Note that he does not say that "To be deep in history is to become a Catholic", since he cites the example of Edward Gibbon. Newman goes on:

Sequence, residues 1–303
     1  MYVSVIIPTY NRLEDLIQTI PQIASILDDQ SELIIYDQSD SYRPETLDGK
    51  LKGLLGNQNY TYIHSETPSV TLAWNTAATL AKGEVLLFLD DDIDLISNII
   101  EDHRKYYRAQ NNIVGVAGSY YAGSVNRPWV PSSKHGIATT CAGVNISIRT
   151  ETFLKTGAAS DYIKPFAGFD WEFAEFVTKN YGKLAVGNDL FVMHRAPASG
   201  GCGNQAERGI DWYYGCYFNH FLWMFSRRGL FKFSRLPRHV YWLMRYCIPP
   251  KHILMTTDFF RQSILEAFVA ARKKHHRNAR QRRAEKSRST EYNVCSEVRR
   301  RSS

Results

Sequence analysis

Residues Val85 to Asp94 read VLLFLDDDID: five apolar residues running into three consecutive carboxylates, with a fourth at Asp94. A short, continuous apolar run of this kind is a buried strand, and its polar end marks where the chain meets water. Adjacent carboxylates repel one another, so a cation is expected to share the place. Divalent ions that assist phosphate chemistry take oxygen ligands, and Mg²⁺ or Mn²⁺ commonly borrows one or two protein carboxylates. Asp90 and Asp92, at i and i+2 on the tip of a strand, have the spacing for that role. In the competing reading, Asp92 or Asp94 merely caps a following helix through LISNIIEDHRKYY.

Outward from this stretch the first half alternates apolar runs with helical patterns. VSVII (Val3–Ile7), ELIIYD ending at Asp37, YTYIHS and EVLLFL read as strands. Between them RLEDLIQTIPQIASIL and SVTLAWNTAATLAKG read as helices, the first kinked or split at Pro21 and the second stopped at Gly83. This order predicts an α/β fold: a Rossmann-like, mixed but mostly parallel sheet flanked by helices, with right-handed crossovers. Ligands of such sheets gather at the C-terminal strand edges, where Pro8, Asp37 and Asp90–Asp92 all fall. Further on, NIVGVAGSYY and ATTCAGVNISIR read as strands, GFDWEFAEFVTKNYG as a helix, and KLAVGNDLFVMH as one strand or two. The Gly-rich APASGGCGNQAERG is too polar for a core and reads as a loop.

And this utter incongruity between Protestantism and historical Christianity is a plain fact, whether the latter be regarded in its earlier or in its later centuries. Protestants can as little bear its Ante-nicene as its Post-tridentine period. I have elsewhere observed on this circumstance: "So much must the Protestant grant that, if such a system of doctrine as he would now introduce ever existed in early times, it has been clean swept away as if by a deluge, suddenly, silently, and without memorial; by a deluge coming in a night, and utterly soaking, rotting, heaving up, and hurrying off every vestige of what it found in the Church, before cock-crowing: so that 'when they rose in the morning' her true seed 'were all dead corpses'—Nay dead and buried—and without grave-stone. 'The waters went over them; there was not one of them left; they sunk like lead in the mighty waters.' Strange antitype, indeed, to the early fortunes of Israel!—then the enemy was drowned, and 'Israel saw them dead upon the sea-shore.' But now, it would seem, water proceeded as a flood 'out of the serpent's mouth, and covered all the witnesses, so that not even their dead bodies lay in the streets of the great city.' Let him take which of his doctrines he will, his peculiar view of self-righteousness, of formality, of superstition; his notion of faith, or of spirituality in religious worship; his denial {9} of the virtue of the sacraments, or of the ministerial commission, or of the visible Church; or his doctrine of the divine efficacy of the Scriptures as the one appointed instrument of religious teaching; and let him consider how far Antiquity, as it has come down to us, will countenance him in it. No; he must allow that the alleged deluge has done its work; yes, and has in turn disappeared itself; it has been swallowed up by the earth, mercilessly as itself was merciless."